MAC Flooding & Port Security
What is MAC Flooding?
In computer networking, a media access control attack or MAC flooding is a technique employed to compromise the security of network switches. The attack works by forcing legitimate MAC table contents out of the switch and forcing a unicast flooding behavior potentially sending sensitive information to portions of the network where it is not normally intended to go. This table allows the switches to direct the data out of the ports where the recipient is located.
In a typical MAC flooding attack, a switch is fed many Ethernet frames, each containing different source MAC addresses, by the attacker. The intention is to consume the limited memory set aside in the switch to store the MAC address table. Within a very short time, the switch’s MAC address table is full with fake MAC address/port mappings. At some point, Switch cannot save any more MAC address. This will force the switch to enter into a fail-open mode and behave like a HUB. With single broadcast characteristic of the hub, all the packets start moving to every node without any intelligence. After launching a successful MAC flooding attack, a malicious user can use a packet analyzer to capture sensitive data being transmitted between other computers, which would not be accessible were the switch operating normally.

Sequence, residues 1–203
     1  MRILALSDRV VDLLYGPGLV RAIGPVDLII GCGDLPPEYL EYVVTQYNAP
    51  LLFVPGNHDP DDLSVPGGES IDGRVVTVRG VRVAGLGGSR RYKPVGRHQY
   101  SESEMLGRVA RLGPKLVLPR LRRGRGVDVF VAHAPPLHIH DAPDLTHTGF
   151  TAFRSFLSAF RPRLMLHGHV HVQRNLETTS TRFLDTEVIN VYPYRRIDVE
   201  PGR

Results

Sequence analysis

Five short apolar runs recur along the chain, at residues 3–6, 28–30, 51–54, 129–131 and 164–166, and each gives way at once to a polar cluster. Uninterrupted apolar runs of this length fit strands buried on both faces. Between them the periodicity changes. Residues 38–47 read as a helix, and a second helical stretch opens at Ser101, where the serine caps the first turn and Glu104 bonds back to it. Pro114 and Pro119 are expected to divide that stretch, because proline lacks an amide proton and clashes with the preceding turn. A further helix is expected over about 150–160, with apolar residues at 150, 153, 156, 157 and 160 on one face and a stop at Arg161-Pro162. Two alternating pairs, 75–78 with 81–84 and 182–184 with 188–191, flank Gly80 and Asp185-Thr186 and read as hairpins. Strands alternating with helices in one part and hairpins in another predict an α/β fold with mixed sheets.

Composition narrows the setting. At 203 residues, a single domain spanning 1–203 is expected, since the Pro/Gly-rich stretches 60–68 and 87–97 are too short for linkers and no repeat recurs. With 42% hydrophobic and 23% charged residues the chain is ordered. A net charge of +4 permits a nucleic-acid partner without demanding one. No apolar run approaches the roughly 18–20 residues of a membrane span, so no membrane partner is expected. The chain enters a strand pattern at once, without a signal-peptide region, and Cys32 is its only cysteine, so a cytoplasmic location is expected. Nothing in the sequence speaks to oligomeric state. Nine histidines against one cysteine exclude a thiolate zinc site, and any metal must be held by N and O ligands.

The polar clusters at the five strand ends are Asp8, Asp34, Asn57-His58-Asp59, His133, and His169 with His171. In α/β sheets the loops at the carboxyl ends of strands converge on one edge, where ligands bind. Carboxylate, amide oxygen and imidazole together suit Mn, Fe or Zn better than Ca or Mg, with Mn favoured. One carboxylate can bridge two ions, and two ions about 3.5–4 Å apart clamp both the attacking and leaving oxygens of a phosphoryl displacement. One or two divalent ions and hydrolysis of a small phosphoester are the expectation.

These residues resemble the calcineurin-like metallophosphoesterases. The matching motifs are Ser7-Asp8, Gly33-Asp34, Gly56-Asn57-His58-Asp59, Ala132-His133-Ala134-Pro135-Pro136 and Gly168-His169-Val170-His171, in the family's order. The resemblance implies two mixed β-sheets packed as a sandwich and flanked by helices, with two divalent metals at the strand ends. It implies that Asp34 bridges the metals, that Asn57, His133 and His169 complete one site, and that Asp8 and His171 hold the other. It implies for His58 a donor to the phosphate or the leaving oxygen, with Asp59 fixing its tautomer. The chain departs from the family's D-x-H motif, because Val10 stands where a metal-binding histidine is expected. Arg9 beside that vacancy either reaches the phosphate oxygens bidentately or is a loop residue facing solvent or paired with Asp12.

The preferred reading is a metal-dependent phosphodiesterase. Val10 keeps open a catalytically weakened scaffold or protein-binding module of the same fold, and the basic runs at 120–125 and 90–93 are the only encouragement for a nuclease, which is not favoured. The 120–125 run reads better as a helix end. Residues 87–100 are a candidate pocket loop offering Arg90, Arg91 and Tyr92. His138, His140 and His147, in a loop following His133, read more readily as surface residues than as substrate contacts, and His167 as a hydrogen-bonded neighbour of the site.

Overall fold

The ARP Spoofing is an attack where the attacker sends falsified ARP Messages (Address Resolution Protocol) so that the attackers MAC address will be linked with the IP address of a legitimated user in the network. The Address Resolution Protocol is a protocol used by the Internet Protocol usually by the IPv4 to map the IP address of a machine to a physical address like MAC address, also called Ethernet address.
How to prevent the MAC Flooding Attack?
Port Security is one of the most important layer 2 security techniques. It limits the number of MAC addresses allowed on the port. For example, we can configure port security to limit MAC address to one. The first one comes in, get in MAC table; the second one tries to come in, will perform a violation action; that could be a drop, log or shut down the port. However, deploying port security ( limiting MAC access ) can be tricky between two switches. The reason is, it is not easy to define the number of MAC addresses. Cisco switches are available with the inbuilt port security system. For more details, I found this website very helpful.
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